Witchcraft Traditions

When Gerald Gardner coined the term “the Wica” (originally spelt with one c), he seems to have intended it to refer to any and all witches. Subsequently, the term has come to be used by some people to mean only witches initiated into Gardnerian and Alexandrian Wicca, and has been used by others to mean anybody who identifies as Wiccan, and a whole spectrum of meanings in between those two terms. This can make it confusing for people to understand what is meant by any individual using the term Wicca.

[Estimated reading time: 10 minutes. Contains 2020 words]

In an attempt to clear up the confusion, Gardnerians and Alexandrians in North America (by which they mean anyone who can trace their initiatory lineage back to Gardner or Sanders respectively) have started referring to themselves as “British Traditional Wicca”. This seems to have happened in part because there are so many other traditions which are called Wiccan, but who cannot necessarily trace their lineage back to Gardner or Sanders. The term “British Traditional Wicca” has not been widely adopted in Britain, where there are fewer variant traditions of Wicca. In Britain, people generally refer to Gardnerian and Alexandrian Wicca as “initiatory Wicca” but even this term is misleading, as there are other witches with a lineage and initiations who identify as Wiccan in the UK. So the terminology remains fluid and confusing.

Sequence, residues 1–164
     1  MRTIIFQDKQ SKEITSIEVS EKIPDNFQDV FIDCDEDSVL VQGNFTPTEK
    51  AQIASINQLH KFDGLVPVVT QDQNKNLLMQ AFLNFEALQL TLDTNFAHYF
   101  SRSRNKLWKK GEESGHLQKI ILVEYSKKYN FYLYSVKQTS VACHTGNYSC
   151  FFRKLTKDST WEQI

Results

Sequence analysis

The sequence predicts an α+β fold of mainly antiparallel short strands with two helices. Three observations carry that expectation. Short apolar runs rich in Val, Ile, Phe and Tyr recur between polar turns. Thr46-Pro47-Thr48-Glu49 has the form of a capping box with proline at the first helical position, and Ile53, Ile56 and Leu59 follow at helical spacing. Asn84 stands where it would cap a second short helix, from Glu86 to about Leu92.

There is a major distinction between folkloric witchcraft traditions and Wiccan traditions. Folkloric witchcraft does not identify as Wiccan, and tends to be happy to explore Luciferian and Christian mysteries alongside Pagan mysteries. Wiccans tend to focus on the Horned God and the Moon Goddess, and do not use the term “the Devil”. Wiccan covens are led by a high priestess and a high priest. Folkloric witchcraft covens generally have a Magister and a Maid. Therefore, I have indicated in this list whether a tradition is witchcraft or Wicca.

Roses, by Michael Gaida [Public Domain]

Roses, by Michael Gaida [Public Domain]